“Realism can be star-scattering, even if you have lived your whole unthinking life in reality. Especially in Sophiatown these days, where it can come with the sudden crash of a flying brick on the back of your head.”
Can Themba, Requiem for Sophiatown
Johannesburg in the 1950s. Against a backdrop of segregation, lawlessness, poverty, violence and racism stood Sophiatown. Surging with creativity, resourcefulness and crime, Sophiatown was a legendary black cultural hub that gave birth to some of South Africa’s most influential writers, musicians, politicians and artists – including Can Themba. It is the township in which Themba wrote his best work and in which The Suit is set.
The cultural renaissance of Sophiatown during the 1950s has been compared to that of Harlem in the 1920s. It was a place of contradiction; a heady mix of liquor and literature, drugs and journalism, music and murder, embodying both the best and the worst of South African culture. Themba was the product of a cultural renaissance and, at the same time, an atrocious abuse of human rights.
Born in 1928 near Pretoria, Can Themba gained an English degree and a teaching diploma. After moving to Sophiatown and winning a short story competition, Drum became Themba’s second family. The world-famous crusading black magazine of the fifties, Drum was a record of naivety, optimism, frustration, defiance, courage, dancing, drink, jazz, gangsters, exile and death. A way to vent frustrations and to celebrate successes, Drum changed the language with which black people were represented and ushered in a new era of South African literature.
Steeped in this culture Themba was dubbed ‘the shebeen intellectual’. The South African equivalent of an American speakeasy, the shebeens were central to Sophiatown’s existence – illegal drinking holes where the urban black community came to laugh, cry, swap stories, listen to music and drink. This, by all accounts, Can Themba did rather too well. Themba’s most frequented shebeen, where he was free to speak his mind about South African politics, became known as the House of Truth.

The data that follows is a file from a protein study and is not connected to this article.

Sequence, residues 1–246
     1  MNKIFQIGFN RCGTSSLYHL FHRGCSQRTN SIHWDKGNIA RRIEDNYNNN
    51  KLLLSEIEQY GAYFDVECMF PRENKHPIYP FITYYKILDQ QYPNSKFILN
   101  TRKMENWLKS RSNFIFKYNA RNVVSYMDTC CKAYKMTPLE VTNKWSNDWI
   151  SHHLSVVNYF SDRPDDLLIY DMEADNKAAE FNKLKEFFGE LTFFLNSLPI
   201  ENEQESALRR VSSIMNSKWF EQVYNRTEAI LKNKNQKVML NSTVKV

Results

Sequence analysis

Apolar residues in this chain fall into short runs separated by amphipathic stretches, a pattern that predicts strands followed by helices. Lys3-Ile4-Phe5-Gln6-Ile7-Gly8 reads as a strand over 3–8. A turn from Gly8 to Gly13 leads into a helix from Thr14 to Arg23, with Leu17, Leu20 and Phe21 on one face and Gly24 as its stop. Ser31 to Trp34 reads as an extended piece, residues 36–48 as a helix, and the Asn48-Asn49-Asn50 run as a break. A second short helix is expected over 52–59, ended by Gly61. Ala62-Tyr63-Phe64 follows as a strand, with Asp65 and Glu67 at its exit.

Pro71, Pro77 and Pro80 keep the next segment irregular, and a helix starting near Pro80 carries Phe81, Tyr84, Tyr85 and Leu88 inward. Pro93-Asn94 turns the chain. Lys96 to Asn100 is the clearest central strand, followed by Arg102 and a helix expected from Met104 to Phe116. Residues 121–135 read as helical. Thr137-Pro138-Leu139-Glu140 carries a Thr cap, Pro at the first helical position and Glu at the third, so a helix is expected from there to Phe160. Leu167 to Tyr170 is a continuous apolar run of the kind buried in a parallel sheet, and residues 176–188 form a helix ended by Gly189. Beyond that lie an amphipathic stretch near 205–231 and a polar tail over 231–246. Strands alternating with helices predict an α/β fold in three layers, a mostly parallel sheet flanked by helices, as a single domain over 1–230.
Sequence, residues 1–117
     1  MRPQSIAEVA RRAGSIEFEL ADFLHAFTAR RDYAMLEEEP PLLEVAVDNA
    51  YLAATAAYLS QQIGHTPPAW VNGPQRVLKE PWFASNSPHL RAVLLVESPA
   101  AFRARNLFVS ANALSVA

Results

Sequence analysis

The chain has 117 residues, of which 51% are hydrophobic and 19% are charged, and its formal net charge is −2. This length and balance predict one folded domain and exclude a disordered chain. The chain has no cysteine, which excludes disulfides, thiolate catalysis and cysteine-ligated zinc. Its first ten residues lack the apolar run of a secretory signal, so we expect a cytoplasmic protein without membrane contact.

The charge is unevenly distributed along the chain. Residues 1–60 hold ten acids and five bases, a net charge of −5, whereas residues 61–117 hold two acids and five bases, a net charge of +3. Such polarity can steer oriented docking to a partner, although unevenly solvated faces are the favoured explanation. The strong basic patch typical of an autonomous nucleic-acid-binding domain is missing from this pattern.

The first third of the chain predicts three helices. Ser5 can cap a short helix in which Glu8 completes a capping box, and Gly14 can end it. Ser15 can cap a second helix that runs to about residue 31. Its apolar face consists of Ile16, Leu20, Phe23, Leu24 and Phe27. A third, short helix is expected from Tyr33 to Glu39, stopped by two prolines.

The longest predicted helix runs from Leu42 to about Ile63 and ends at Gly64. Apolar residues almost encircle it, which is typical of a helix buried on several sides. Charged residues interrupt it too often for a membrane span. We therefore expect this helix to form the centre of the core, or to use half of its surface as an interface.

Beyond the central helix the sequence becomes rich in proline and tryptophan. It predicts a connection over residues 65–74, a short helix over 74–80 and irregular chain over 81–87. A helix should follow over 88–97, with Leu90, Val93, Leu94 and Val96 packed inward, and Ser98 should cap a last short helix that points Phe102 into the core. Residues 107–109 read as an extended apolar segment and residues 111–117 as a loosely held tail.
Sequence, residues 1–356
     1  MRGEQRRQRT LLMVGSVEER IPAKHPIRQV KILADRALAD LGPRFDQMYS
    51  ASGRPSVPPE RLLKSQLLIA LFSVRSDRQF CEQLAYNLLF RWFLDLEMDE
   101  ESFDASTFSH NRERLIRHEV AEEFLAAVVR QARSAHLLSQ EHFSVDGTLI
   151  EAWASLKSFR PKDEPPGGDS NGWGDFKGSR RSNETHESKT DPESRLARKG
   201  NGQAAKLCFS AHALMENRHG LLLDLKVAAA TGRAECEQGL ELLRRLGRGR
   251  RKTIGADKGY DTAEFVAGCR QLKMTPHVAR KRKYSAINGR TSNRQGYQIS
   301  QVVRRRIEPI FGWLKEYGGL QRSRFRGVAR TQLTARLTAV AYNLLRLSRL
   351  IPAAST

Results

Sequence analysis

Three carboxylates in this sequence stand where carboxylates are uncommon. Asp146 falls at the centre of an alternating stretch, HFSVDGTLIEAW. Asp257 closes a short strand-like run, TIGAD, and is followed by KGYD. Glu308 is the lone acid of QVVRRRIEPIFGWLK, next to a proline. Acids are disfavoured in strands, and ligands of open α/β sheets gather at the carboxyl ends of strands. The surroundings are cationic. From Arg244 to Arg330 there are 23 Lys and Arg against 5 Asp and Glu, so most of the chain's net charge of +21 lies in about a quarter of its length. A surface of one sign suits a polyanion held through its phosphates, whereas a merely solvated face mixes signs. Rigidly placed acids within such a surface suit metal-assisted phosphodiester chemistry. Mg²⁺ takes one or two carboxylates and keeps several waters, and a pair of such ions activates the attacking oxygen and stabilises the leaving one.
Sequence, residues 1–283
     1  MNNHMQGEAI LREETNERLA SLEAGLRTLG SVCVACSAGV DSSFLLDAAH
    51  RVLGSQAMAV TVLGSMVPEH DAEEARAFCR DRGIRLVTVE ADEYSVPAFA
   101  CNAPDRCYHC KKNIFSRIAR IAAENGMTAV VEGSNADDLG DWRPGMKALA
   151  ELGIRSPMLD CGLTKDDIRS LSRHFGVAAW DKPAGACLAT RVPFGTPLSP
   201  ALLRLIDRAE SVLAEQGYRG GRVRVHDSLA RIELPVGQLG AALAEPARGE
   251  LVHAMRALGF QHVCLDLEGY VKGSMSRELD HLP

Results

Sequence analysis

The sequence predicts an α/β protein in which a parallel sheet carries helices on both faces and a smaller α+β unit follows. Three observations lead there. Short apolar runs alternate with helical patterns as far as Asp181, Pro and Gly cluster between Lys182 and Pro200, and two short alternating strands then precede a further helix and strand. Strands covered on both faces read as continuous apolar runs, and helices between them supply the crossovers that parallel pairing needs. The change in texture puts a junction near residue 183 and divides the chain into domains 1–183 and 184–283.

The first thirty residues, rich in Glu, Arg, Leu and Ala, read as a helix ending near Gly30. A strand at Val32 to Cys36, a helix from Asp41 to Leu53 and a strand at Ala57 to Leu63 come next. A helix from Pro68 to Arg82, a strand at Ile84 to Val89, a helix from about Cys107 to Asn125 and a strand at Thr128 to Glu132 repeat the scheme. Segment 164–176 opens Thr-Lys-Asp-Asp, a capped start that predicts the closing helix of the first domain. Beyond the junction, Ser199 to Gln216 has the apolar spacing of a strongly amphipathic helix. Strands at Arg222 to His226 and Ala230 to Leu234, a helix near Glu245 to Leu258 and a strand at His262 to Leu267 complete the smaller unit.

The government were fully aware of Sophiatown’s powerful influence. During the 1960s the township was destroyed and its inhabitants relocated. Themba fled to Swaziland and became increasingly isolated. The South African government claimed that his works were communist and they were outlawed. His alcohol-related death soon followed, likened by many friends to a slow suicide.
An alcoholic and an intellectual, Themba embodied the paradoxes of Sophiatown. He wrote at an intensely political time, but his work was rarely politically intense. As Themba wrote, the magic of Sophiatown was that: “It is different and itself. You don’t just find your place here, you make it and you find yourself.”
The Suit runs until 16 June. Tickets available at youngvic.org.Jurgen Schadeberg, known as the father of South African photography, photographed Can Themba and the people of Sophiatown in the 1950s. He graciously allowed the Young Vic to use his images for The Suit programme. More of his work can be viewed at www.jurgenschadeberg.com.